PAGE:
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Finding a redirect's URL

by kbeen (Sexton)
on Nov 23, 2001 at 21:12 UTC ( #127144=perlquestion: print w/replies, xml ) Need Help??

kbeen has asked for the wisdom of the Perl Monks concerning the following question:


I have been cracking my head against a wall trying to get the URL that a user is supposed to be redirectted to after submiting data.
After the data is submited the next page should contain a redirect, as the site administrator assured me that the asp code is this:


I read that the default for following redirects from a POST query is off, and I have tried it with both POST and GET. However, I don't want the script to actually follow the redirect, just get that precious "qid" value for me.

Using the code below, I can't find the redirect in the header or in the content. Does anybody know what is going on, and how my browser can be redirected, but there is actually information sent that tells it where to redirect to? Is there someway that I am not seeing every last byte of response using below?

my $hdrs = new HTTP::Headers('Cookie' => $cookie); my $linkinfo = qw( +pass); my $ncontent = new HTTP::Request('POST', $linkinfo, $hdrs); my $resp = $ua->request($content); my $body = $resp->content; my $string = $resp->as_string(); print $string; # no redirect in here print $body; #none here either
Any advice is appreciated.

Replies are listed 'Best First'.
Re: Finding a redirect's URL
by wog (Curate) on Nov 23, 2001 at 22:25 UTC
    LWP allows you to make a request without LWP following redirects, etc. with the simple_request method of LWP::UserAgent. For example:

    my $request = HTTP::Request->new("GET", ""); my $response = $ua->simple_request($request); print $response->header("Location"), "\n"; #

    Also the HTTP::Response class has a previous method to get the previous response in a chain of responses (as occurs when LWP follows redirects):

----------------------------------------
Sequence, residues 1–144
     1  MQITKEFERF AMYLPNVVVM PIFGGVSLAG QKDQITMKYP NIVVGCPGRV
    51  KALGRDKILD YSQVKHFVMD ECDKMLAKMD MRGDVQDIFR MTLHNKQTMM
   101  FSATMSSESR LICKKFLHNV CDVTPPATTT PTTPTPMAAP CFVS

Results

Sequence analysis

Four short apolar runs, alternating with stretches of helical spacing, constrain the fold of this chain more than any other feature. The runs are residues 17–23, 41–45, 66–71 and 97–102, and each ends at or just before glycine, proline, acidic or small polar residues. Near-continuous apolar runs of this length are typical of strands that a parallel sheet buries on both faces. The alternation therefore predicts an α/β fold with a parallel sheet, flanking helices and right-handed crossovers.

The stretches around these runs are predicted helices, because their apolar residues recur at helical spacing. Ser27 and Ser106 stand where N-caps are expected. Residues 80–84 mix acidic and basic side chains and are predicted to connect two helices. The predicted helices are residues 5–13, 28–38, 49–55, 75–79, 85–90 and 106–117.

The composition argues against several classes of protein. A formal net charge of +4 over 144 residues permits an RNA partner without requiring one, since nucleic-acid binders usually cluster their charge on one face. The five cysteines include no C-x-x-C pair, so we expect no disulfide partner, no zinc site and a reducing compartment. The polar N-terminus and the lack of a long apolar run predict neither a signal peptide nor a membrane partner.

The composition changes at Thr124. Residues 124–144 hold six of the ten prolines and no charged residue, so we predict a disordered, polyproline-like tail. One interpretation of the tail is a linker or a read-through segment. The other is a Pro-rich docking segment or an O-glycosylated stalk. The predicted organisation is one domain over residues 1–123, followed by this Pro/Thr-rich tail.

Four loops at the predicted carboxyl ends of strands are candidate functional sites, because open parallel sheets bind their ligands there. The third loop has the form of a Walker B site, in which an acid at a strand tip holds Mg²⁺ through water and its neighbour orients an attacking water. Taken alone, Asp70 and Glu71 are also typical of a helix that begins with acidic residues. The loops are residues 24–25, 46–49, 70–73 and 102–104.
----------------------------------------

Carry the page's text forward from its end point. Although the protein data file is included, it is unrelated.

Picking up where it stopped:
my $request = HTTP::Request->new("GET", ""); my $response = $ua->request($request); print $response->previous->header("Location"), "\n"; #
Re: Finding a redirect's URL
by tachyon (Chancellor) on Nov 23, 2001 at 22:06 UTC
    use CGI; my $q = new CGI; print $q->redirect(""); # or roll it yourself print <<THIS Status: 302 Moved Location: http://blah.blah THIS




Re: Finding a redirect's URL
by staeryatz (Monk) on Nov 24, 2001 at 00:37 UTC
    There is a simple yet effective way of using redirection, without the need for a module.

    Use it just as you'd do an http header.
    # code to resolve what $url is going to be # ... # redirection print "Location: $url\n\n";
    'Location' is a standard CGI header, just like 'Content-type' and you'd use them the same way: make it the first thing your CGI script prints out, and make 2 newlines afterwards.

    This code is tested and works (providing you fill in the blanks). I used it for an anti-leech download page found here.
Re: Finding a redirect's URL
by kbeen (Sexton) on Nov 24, 2001 at 06:01 UTC
    I think maybe my question was a little unclear...

    I do not want to MAKE a redirect, rather find out where a page is trying to redirect the user.. Also, I don't really want to be redirected, only to get the URL that I would be redirected to if I was using a browser.

    Wog's comment seems like something I should look into, however, my problem is that LWP does not seem to be following a redirect. In fact, there does not seem to be a redirect in that response at all.

    The browser does redirect, and the site's administrator showed me the little bit of ASP code that actually creates the redirect.
    Where could this redirect be hiding? Am I missing something with LWP that is keeping me from seeing this?

      LWP comes with a nifty stand alone program called GET. GET is a script that uses the LWP modules to fetch remote web pages. The following worked for me:
      % GET -Sd GET --> 301 Moved Permanently GET --> 200 OK
      Which shows being redirected to This works fine if you just want to run a few URLs by hand. If you want to automate this functionality in a script, you can always peek under the covers of GET and emulate what its doing.


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